They’re round, made of rubber and are one of the most important and overlooked parts of your automobile. I’m speaking of course about your cars tires and I must say there’s a helluva’ lot more to them than meets the eye. Since tires are a consumable item people tend to spend more time choosing what they’re going to wear in the morning, than on a piece of equipment that could end up saving their lives. Thankfully though, you have us. The motoring press, the journalists and the die-hard car enthusiasts who try and do our best to educate you on what’s good, bad and downright junk.
This past week I had the opportunity to head down to New Orleans and test out Michelin’s newest all-season tire, the Michelin Pilot Sport A/S 3. However before I share my thoughts with you I want everyone to be aware of something. First off, I’m not getting paid to write this review. Second, I go through A LOT of tires, both high-performance and all-season. And third, I was extremely curious to see if this was going to be some kind of bullshit media event or an all out real life test in real world conditions.
After checking into the hotel I headed down to the bar where I was greeted by the Michelin staff elite. Designers, engineers, test drivers and public relations people were all on hand to answer our questions. Understand that for the most part, tire testing is done in such a way where the manufacturer will let you test their tires at an event, but will generally not run side by side comparisons. The reason; they never want to look bad if their product loses. The Michelin folks assured me that I wouldn’t be disappointed and to simply wait until the next days event.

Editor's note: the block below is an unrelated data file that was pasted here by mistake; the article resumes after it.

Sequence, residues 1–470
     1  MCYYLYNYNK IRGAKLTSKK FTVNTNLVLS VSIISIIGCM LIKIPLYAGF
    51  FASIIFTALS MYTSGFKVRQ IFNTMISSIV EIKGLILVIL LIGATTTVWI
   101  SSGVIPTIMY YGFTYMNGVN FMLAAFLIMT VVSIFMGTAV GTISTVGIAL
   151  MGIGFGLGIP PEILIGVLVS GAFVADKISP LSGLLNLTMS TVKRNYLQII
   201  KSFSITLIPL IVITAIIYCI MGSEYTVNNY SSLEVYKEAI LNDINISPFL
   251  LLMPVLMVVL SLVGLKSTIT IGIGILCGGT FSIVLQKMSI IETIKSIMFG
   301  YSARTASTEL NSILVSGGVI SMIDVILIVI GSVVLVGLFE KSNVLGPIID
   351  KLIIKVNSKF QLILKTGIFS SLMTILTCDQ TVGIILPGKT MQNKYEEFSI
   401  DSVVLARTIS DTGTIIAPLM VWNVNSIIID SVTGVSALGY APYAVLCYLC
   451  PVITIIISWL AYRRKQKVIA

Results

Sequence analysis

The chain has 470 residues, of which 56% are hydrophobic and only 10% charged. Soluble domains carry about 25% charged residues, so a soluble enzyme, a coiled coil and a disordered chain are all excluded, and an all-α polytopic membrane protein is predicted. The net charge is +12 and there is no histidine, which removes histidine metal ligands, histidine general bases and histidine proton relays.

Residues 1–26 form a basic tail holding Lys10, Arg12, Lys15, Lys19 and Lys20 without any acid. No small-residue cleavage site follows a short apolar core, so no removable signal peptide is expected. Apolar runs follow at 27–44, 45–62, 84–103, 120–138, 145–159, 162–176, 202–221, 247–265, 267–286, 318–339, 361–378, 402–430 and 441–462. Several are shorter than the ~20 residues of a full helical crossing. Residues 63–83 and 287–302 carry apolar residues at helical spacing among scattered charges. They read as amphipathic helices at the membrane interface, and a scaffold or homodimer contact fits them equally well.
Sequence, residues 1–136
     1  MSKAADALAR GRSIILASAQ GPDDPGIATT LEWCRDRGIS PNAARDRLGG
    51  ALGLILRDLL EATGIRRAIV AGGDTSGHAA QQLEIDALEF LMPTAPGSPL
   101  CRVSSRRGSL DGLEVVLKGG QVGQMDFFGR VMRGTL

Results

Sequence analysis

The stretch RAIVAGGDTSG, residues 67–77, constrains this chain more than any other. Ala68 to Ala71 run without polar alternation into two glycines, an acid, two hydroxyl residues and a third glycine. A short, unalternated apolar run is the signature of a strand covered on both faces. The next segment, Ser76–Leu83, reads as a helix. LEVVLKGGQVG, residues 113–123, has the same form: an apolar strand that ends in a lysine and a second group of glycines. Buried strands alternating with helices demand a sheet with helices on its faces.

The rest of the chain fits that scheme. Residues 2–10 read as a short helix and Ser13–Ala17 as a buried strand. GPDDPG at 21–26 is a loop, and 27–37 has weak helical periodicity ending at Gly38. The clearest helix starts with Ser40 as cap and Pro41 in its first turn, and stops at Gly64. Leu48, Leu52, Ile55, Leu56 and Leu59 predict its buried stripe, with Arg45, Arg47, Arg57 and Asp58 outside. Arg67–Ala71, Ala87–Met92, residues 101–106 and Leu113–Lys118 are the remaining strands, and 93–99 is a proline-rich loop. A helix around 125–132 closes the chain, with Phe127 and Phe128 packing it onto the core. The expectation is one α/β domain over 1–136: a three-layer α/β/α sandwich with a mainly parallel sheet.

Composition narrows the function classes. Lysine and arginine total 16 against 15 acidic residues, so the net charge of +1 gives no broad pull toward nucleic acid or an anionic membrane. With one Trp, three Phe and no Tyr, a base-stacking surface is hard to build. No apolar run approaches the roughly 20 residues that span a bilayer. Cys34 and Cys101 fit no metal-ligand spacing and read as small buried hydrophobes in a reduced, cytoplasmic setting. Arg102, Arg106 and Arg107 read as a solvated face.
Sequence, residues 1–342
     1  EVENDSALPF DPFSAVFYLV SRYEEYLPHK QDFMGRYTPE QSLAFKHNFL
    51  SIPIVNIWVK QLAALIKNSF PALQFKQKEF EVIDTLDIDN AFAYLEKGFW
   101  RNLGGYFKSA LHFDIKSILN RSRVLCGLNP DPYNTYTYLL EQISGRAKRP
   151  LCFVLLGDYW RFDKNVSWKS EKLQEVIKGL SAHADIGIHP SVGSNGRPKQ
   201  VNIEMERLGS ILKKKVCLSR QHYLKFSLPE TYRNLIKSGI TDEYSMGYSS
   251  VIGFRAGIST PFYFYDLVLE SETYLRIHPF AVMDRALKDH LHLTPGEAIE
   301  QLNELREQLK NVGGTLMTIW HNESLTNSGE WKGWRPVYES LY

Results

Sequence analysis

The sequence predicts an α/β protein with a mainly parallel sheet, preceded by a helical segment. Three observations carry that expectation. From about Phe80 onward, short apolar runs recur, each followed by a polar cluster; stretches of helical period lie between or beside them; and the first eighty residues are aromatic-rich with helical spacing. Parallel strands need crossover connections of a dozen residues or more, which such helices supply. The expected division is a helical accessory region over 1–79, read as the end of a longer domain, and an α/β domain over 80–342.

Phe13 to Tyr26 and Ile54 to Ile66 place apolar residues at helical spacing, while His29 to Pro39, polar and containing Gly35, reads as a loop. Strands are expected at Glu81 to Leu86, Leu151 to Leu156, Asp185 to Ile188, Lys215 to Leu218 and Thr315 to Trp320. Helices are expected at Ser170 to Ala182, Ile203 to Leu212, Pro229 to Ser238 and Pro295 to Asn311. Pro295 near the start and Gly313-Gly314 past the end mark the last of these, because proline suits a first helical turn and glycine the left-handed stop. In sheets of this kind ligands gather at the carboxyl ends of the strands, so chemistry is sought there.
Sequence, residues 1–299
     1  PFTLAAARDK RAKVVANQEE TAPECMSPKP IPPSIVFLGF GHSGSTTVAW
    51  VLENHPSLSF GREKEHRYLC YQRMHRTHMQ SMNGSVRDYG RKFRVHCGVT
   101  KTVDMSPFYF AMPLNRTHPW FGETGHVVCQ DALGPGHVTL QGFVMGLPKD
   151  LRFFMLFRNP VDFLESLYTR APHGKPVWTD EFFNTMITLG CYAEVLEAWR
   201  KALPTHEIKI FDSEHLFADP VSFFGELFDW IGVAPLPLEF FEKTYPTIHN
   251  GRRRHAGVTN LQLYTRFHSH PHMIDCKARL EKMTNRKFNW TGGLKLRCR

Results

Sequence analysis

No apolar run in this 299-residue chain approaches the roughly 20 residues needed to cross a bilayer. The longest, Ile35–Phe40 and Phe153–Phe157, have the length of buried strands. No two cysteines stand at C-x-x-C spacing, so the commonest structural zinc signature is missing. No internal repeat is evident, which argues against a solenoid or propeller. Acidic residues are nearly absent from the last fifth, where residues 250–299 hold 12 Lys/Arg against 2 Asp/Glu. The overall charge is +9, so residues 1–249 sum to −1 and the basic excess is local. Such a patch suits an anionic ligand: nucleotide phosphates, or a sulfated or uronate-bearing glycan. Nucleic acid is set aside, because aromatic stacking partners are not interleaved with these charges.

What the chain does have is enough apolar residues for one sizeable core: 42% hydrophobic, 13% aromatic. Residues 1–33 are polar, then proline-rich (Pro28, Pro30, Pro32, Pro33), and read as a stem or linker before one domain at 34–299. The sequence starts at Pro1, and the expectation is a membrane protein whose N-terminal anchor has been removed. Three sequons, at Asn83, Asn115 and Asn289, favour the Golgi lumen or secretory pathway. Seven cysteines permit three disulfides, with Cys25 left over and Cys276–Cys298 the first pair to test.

I awoke tired, but feeling good, headed down to the lobby and fetched a strong cup of coffee and a few beignets (I love New Orleans). We then jumped on the shuttle bus and headed to NOLA Motorsports Park which lay about 30 minutes from the cities French Quarter. Once at the facility I realized all the talk I heard the night before was coming true, and that this was not in fact some bullshit test, but a full-on smash session whereby yours truly (and everyone else) was going to get the opportunity to pound Michelins’ newest all-season tire into the ground against comparable tires from Continental, Goodyear, Bridgestone, Yokohama and Pirelli.
Keep in mind that each car, regardless of the test performed, was set-up to exact manufacturer specifications to help ensure accurate results. We rated the tires under the following categories:
• Overall Grip: Peak lateral grip in steady state cornering, acceleration out of corners without wheel spin, braking into corners without ABS initiation.
• Performance Consistency: Consistency of pace and grip from first to last lap.
• Progessivity: Controllablity beyond the limit: Easy to drive slow, predictable, breakaway.
• Test 1
The wet skid pad / Car: Audi A4 / Competitors tires (Bridgestone Potenza RE970AS Pole Position, Continental ExtremeContact DWS, Goodyear Eagle F1 Asymmetric All-season).
– Winner: Michelin Pilot Sport A/S 3: Simply amazed at how much grip these tires had under very slick conditions. Great under hard cornering and emergency maneuvers with little or no slide under heavy water breaking.
– Second: Goodyear Eagle F1 Asymmetric All-season: Decent grip, with a bit less turn in response. Not as confidence inspiring under wet cornering.